Book review: 『細い赤い糸』by Takashi Asuka

細い赤い糸 (ほそいあかいいと)
Title: 細い赤い糸 (ほそいあかいいと)
Genre:
First published: 1961
Published: 1977
Format: Digital
Page Count: 248
細い赤い糸 won the Mystery Writers of Japan Award in 1962.

When I read a mystery, I always jump into the story without reading the synopsis and without having any knowledge of the plot. I do this because I had some bad experiences with summaries on the back cover revealing too much, sometimes mentioning events that would only take place halfway through the book. I also like reading without knowing where the story will take me.

With this novel however, I wish I had read about the story before starting it. I was really close to giving it up halfway through, because I could not see where the story was going and the experience was a bit frustrating.

If you don’t want to know anything about the story of this book before reading it, you should stop reading this review now. However, I do think that this book is more enjoyable if you know where you are going.


This book opens with a story of corruption in a company. To be honest, I really had a hard time getting into the first chapter, we don’t know much about the corruption thing, and the novel just does not tell us enough about it to make us care. Same for the characters, I did not really care about them, and their actions seemed unconvincing because we don’t know them at all. I did not like the first chapter, but I was willing to wait and see.

Then the second chapter starts with completely different characters who have nothing to do with the first story. It felt frustrating because I was doing my best to find some interest in the first story, and we suddenly leave them here and switch to another story which I found equally difficult to get into. At this point, I was really tempted to give up the book, but the end of the second chapter finally reveals what it is all about: a serial killing.

This is the main point of the book. We get through four different stories and see four different characters who are all going to be a victim. The focus of the book is to know why they are killed and what could possibly link them together. I do think that if you know that before starting the novel, things become much more interesting as you can start looking for clues right from the beginning. It also makes sense, in a way, that each story seems rushed through, because the main topic lies elsewhere.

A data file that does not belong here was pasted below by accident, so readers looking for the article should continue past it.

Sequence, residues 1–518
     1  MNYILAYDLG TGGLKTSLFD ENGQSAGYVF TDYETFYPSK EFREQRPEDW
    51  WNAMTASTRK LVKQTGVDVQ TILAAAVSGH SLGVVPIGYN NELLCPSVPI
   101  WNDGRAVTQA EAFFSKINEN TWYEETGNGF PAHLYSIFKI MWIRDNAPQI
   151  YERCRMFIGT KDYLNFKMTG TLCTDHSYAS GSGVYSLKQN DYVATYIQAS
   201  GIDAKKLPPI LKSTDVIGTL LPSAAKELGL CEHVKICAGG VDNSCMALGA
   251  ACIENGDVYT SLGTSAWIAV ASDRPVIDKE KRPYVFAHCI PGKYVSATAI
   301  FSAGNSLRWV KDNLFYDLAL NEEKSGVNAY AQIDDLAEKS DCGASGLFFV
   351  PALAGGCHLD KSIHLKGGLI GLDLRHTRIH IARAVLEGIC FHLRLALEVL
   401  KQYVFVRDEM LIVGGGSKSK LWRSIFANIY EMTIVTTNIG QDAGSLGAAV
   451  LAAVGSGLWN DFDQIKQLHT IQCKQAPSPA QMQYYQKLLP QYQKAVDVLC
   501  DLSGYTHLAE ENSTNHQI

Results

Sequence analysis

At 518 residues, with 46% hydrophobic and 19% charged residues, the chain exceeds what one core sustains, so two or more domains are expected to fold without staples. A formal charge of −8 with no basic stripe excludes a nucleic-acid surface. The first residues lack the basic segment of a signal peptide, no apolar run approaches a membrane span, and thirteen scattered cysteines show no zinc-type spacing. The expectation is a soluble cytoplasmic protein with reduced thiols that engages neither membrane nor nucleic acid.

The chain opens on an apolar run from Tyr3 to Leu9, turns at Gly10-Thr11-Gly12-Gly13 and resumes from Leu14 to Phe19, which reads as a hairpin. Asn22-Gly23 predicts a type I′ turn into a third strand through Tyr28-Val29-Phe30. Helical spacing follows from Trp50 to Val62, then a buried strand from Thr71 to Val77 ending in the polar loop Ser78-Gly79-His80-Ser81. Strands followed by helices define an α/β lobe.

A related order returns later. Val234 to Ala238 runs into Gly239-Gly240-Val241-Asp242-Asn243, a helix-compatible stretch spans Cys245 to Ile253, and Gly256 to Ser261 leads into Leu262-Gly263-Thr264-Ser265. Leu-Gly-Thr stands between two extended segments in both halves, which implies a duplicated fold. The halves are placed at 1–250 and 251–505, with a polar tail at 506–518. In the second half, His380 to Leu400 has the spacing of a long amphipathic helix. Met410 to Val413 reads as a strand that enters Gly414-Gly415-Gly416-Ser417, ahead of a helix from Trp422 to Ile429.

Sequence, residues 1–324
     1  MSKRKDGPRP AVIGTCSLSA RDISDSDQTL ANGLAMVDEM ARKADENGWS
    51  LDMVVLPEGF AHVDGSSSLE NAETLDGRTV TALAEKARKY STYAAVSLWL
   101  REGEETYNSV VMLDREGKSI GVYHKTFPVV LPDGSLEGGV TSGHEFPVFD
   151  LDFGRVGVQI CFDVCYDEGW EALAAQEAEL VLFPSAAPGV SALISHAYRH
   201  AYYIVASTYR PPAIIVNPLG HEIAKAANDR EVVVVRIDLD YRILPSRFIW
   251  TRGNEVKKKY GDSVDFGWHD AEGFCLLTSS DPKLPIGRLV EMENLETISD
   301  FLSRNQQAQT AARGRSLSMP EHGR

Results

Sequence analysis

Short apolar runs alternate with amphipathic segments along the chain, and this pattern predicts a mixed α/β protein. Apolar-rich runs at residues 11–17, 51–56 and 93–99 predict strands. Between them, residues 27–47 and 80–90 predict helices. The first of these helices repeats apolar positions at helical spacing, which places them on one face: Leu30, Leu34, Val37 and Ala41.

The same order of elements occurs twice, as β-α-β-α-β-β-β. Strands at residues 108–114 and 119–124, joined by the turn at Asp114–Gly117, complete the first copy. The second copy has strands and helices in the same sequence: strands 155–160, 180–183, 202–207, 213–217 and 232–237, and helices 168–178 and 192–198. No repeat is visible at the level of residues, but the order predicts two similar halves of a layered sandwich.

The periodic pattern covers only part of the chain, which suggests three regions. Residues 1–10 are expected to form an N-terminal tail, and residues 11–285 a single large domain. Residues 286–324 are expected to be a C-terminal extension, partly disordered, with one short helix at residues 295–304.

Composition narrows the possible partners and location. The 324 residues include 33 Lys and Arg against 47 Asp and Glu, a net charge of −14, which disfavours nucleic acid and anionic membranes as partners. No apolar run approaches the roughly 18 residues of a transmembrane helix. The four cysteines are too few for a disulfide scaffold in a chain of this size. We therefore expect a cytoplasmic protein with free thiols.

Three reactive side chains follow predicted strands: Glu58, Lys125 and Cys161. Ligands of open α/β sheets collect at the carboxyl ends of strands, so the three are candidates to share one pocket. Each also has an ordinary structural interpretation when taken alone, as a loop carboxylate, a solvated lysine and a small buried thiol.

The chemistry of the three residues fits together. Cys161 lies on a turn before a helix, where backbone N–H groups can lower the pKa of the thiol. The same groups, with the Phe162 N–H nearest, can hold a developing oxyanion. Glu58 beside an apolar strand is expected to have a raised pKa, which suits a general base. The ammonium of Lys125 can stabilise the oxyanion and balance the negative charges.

When I understood where the book was leading me, I started enjoying it much more. However, I also do think that, while the idea is excellent, the execution could have been better done. First, I find the book too short for its purpose. I would have been better if each story was a little bit more developed so that they would be interesting for themselves and not just as a part of a higher scheme. I also find that something should hold all these stories together. At the end of each chapter, we see the police investigating and eventually understanding that they are dealing with a serial killer, but these parts are very short, and you start seeing a pattern only at the end of the second chapter (at this point, we are more than 40% into the book).

Finally, the book just does not give enough clues. It is not impossible for the reader to work the solution for themselves, but you can only do that after a certain point, when some key elements are finally given. It would have been so much better if more clues had been laid all along, so that reading each story would have been more compelling. I could even see myself re-reading one of the first chapters to look for connections, but I felt that you cannot really see the link before the novel gives you some key information.

In the end, the solution turned out to be quite good, and I loved the last 25% of the book, when we are done with the different stories and follow the police investigation. I found this part very engrossing and I liked the solution as well. I just found that it was a bit unfair to the reader, as the story does not disclose some key elements until the end and some connections are difficult to make without them.